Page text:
Saturday, October 3, 2015

Clearly This is Why We Can't Have Nice Things

A friend (who isn't on FB and who also doesn't read my blog so never knows I talk about her quite regularly in my posts) told me about the calming buckets she'd made for her kids to use whenever they just needed to chill out. In each bucket is a collection of fidgets and art supplies for each child to use for as long as they needed in order to become human again after a meltdown or argument. I liked this idea a lot. But, I also knew that, since I am not nearly as organized as my friend, there wasn't enough room on top of the refrigerator or in my closet for three whole buckets of stuff and that if I didn't put them in either of those places, the items would disappear almost immediately into the flow of toys, books, papers, and pens that always seems to be migrating around the house.

Still, I liked the idea of giving the kids an emergency kit to use BEFORE their behavior devolves into a big fat mess of screaming/crying/fighting, which is what seems to happen most evenings just about dinner time. So, last weekend, while I was waiting for Pink P to finish at a friend's Chuck E Cheese party, I went to the dollar store and bought a bunch of tactile balls. Then I went online and ordered a couple of liquid timers, some stretchy string, and a glitter wand. Altogether, I spent about $15.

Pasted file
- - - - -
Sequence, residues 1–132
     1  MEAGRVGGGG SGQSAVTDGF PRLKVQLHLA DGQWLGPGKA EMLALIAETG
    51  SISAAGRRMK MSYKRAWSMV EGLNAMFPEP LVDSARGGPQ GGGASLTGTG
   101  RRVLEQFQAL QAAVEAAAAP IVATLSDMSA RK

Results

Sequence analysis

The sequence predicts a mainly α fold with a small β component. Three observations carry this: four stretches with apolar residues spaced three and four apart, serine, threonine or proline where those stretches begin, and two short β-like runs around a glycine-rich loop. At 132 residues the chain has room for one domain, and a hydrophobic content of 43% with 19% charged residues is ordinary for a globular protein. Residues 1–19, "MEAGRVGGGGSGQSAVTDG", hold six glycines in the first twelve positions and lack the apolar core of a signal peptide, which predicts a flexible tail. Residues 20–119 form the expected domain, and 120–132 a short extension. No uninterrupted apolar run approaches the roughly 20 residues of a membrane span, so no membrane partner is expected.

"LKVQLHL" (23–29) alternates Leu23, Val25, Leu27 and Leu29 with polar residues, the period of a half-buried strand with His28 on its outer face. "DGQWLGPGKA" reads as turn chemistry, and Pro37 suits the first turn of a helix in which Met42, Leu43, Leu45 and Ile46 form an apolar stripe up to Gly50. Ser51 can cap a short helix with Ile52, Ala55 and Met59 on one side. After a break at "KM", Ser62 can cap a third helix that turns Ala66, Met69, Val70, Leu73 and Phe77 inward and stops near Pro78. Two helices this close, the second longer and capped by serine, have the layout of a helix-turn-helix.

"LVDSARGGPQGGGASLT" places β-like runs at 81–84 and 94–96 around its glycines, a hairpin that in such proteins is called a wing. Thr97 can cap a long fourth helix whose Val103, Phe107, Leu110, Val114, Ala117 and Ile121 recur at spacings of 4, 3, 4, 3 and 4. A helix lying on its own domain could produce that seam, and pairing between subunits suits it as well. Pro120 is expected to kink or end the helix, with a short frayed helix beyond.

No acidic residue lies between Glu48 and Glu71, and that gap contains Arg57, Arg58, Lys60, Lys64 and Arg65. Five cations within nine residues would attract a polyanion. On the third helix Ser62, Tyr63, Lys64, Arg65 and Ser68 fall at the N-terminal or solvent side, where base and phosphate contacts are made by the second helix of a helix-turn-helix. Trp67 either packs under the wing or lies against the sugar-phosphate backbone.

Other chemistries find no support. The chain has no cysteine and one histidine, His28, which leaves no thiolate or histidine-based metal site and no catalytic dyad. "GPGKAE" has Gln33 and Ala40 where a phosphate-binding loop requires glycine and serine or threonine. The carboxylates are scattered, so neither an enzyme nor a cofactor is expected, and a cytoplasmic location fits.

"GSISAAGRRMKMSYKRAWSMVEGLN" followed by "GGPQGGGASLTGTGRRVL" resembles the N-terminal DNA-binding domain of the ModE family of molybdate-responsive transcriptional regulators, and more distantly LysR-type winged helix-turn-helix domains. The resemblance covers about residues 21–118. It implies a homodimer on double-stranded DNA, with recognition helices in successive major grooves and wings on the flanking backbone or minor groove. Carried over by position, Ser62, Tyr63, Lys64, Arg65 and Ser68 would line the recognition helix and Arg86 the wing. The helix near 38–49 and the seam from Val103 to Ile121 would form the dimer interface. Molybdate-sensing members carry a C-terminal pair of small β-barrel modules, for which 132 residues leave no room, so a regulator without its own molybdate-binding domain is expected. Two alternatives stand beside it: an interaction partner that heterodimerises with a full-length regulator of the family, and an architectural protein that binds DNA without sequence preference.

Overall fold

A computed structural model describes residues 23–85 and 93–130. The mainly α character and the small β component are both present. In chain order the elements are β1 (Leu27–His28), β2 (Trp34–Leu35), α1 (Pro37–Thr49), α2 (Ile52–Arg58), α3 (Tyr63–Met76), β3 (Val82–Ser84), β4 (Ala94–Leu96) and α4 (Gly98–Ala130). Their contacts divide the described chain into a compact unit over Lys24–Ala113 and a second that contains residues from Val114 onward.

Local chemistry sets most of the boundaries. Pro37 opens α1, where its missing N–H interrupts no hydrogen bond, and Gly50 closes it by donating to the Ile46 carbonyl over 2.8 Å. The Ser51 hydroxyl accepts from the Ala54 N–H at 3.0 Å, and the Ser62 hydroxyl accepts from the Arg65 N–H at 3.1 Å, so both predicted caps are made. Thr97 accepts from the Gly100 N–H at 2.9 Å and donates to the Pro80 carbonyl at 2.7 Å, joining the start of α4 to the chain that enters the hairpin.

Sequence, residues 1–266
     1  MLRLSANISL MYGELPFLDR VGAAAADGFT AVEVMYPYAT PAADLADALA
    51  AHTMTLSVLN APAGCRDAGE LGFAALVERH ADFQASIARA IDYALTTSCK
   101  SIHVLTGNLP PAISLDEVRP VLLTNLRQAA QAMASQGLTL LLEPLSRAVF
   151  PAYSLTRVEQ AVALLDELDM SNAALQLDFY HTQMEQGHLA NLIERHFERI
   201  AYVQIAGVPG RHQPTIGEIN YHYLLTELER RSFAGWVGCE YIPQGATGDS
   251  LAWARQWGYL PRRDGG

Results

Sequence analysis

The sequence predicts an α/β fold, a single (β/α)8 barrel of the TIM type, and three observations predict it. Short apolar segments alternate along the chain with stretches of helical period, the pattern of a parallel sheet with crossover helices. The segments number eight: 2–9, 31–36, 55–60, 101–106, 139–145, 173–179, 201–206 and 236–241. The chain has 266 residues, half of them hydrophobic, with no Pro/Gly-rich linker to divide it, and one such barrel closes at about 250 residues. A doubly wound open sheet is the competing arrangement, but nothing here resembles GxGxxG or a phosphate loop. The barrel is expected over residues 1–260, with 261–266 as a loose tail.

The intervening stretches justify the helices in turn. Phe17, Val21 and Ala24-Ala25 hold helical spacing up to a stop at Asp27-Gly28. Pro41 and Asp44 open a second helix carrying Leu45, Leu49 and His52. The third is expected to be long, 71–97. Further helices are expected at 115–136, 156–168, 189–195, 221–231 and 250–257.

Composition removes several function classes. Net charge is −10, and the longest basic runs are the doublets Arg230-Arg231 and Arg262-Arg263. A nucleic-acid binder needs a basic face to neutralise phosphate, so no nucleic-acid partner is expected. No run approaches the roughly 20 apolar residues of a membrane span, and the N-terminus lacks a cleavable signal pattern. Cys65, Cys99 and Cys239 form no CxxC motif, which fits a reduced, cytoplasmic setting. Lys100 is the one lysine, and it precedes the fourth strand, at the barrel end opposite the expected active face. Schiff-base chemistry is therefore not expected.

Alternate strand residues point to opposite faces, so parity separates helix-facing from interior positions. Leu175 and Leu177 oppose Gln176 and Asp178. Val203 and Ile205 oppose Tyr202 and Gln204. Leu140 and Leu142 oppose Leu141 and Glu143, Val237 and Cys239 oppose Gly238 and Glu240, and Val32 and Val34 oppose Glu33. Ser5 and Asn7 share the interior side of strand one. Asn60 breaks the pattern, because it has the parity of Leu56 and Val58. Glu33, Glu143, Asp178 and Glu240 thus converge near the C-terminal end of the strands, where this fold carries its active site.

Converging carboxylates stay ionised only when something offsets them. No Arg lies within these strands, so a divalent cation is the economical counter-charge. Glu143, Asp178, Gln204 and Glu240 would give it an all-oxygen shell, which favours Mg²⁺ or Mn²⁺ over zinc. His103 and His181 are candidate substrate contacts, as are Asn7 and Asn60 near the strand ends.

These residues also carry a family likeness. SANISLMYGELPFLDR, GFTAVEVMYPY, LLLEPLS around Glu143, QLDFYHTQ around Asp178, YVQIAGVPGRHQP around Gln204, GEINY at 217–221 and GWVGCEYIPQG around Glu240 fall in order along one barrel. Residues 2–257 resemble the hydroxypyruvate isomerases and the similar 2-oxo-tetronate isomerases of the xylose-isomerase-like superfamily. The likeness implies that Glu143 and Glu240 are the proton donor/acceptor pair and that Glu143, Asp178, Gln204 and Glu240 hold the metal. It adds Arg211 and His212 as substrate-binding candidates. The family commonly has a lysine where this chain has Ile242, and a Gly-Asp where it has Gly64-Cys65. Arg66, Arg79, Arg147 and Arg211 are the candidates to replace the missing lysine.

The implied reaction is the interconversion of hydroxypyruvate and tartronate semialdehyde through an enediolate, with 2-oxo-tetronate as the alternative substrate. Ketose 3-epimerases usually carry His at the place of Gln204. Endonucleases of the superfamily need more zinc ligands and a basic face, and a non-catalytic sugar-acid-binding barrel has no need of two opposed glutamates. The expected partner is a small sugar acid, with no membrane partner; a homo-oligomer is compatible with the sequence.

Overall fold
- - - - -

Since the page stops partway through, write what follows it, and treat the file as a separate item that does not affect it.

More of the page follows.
One shining moment: the box of stuff.
When the stuff arrived, I threw it into a box that was both smaller and a different color than all of the other sensory boxes. Then I sat the kids down and went over the ground rules. "THIS," I declared, "is our emergency sensory box. When you feel like you want to yell or cry or hit, I want you to get this box, take it to the couch, and spend as long as you need to calm down." They were rapt with attention--you know, when they weren't trying to fight jockey with each other to be the first to grab one of the bright shiny sensory balls. "But, WAIT," I continued. "There are some rules. First, you can only use this box when you are sitting on the couch. Second, you cannot throw the balls, and third, everything must go back into the box when you are done."

They seemed to understand. They really did.

But then all of the balls disappeared and the stretchy strings were turned into lassos and the whole thing fell apart, It turns out that missing emergency sensory box balls are perfect triggers for mom-sized meltdowns. Who knew?

Sunday, August 16, 2015

Parenting 101 by Ren

You know, guys, despite everything, I'm pretty sure my kids are probably going to turn out just fine, but certainly not because of me.

I'm the always-busy-often-stressed-sometimes-distracted-put-the-kids-in-a-million-activities-and-still-worry-incessantly mom. Don't worry, though, I'm working on it. I'm cutting out diet soda, sleeping more, and working hard to just be present for them. Eventually--probably just about the time Stow is heading off to college--I fully intend to get my act together.

Fortunately for the kids (and for me -- who am I kidding), Ren has a pretty laid back style of parenting that, when I step back and just let him do his thing, is extremely effective. (Funny how these things just seem to work out.)

Ren upped the ante on his "natural" parenting style this summer, and as a result, the kids have spent a lot of time enjoying each other and the outdoors.

It started this past spring when Ren put up a series of bird feeders in the back yard. I was skeptical.

But the feeders led to a lot of this:

Bird watching

Which led to this: